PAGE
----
Monday, 25 May 2015

Some Chelsea gardens


National Schools Observatory: Dark Matter - a clever and beautifully planted evocation  of the mysteries of physics.

Although representing lush paddy fields in Cambodia, there were some appropriate visual tricks in the World Vision garden, designed by John Warland. The sunken mirrored boxes of cacti were very unexpected.

Translucent yellow rods represent ripening rice - but could also be symbolic of the retina. This was my favourite of the Fresh gardens.

The water-eye in Charlie at Chelsea's garden,sponsored by Husqvarna and Gardena, was beautifully constructed and as attractive empty as when full: even more spectacular was its sudden emptying.

Inspired by Piet Mondriaan, the colour blocks and geometric arrangement of the Telegraph Garden, designed by Marcus Barnett , were very striking, and despite the angularity it seemed a welcoming space.

In grey conditions first thing on Monday morning the Beauty of Islam garden (designer Kamelia Bin Zaal) seemed excessively pale and rather dull...
 
but in bright afternoon sunshine it really came to life, with shadows from the plants and structures giving it depth and contrast.

Classic Chelsea design and planting by Chris Beardshaw in the Morgan Stanley Garden. Geum (mostly) 'Totally Tangerine' was the plant of the moment.

My memories of homesteads in Lesotho do not include anything akin to the Sentebale Garden, designed for Prince Harry's charity by Matthew Keightley, but the building work and planting were very attractive. It was a shame that they hadn't sourced a few of the spectacular Lesotho endemic Aloe polyphylla to replace agaves, or worked in a few Diascia or Jamesbrittenia: there are some lovely garden plants from that country.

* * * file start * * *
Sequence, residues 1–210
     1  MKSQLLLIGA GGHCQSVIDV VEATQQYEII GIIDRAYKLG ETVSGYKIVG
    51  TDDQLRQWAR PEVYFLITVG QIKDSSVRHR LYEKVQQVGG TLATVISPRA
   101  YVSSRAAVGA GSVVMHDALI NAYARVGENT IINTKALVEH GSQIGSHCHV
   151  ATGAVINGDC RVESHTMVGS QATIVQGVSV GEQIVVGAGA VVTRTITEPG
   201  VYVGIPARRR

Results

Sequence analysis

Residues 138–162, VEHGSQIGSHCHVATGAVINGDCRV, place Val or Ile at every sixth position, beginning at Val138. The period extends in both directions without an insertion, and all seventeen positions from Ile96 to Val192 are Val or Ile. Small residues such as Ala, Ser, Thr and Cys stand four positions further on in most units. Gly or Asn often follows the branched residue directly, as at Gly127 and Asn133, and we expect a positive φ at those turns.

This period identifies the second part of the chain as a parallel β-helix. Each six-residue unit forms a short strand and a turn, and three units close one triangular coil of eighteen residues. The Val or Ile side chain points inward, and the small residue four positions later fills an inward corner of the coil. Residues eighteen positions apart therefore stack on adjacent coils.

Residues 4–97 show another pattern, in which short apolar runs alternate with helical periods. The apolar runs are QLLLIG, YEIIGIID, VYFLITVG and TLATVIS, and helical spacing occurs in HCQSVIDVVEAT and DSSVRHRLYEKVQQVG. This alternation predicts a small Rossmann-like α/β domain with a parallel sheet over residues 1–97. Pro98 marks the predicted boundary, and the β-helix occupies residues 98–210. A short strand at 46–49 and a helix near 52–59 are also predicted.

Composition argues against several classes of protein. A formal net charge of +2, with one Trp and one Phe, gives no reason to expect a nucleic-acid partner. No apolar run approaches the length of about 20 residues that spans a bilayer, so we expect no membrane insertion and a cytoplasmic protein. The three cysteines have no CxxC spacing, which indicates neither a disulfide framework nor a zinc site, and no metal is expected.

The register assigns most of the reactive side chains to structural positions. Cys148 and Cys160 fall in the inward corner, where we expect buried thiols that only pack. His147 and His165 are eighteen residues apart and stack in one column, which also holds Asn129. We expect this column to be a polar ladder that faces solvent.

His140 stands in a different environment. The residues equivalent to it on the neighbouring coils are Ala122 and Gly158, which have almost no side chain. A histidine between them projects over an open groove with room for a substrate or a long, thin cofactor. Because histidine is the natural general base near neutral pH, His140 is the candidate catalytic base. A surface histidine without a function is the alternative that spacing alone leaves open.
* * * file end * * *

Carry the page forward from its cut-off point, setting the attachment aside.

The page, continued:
As with the Islamic garden, the Perfumier's Garden at Grasse, by James Basson for L'Occitane, also needed sunlight to bring out the charms of its apparently unkempt planting - but a lot of work had gone into that 'weediness'!

And the same, but even more so, is true for the masterpiece that was Dan Pearson's Laurent Perrier Chatsworth Garden, creating an effect that would be remarkable on a long-established site, but astonishing in a construction made in a few weeks. One felt that every clump of daisies had been treated with the same care as the old willow, azaleas and Enkianthus. An unparalleled 'Best in Show.'
  
The commercial displays are often overlooked, though occupying much of the showground; many are indeed are meretricious, but the immaculate display created by Sculpture by the Lakes thoroughly deserved its five-star trade exhibitors award. Not only are Simon Gudgeon's sculptures magnificent, but the landscape and planting around them (by Monique Gudgeon) was superb.




7 comments:

  1. Thank you for sharing, I couldn't go this year and it nice to see some fresh angles of the gardens. Much of the press coverage is very same year.

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  2. I've seen them only on TV, but I like that 'Dark matter' garden a lot, together with the 'Laurent perrier Chatsworth Garden' and the ' Perfumier's Garden at Grasse' my favouriites. Nice pictures, thank you

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  3. Sehr schön anzusehen, danke für´s teilen! Ich kann mir das finanziell nicht leisten nach England zu reisen, so ist es sehr schön hier in ihrem blog zu lesen und zu schauen. Sehr inspirirend!

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  4. I love this ! Thank you for sharing! I posted a pic and a link to this blog on my Facebook page, Serenity in the Garden Blog
    https://www.facebook.com/serenityinthegarden?fref=nf

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  5. This is the precise weblog for anybody who needs to seek out out about this topic. You notice so much its almost arduous to argue with you. You positively put a brand new spin on a subject that's been written about for years. Nice stuff, simply nice!

    ReplyDelete
  6. Thank you for sharing, I couldn't go this year and it nice to see some fresh angles of the gardens. Much of the press coverage is very same year.

    ReplyDelete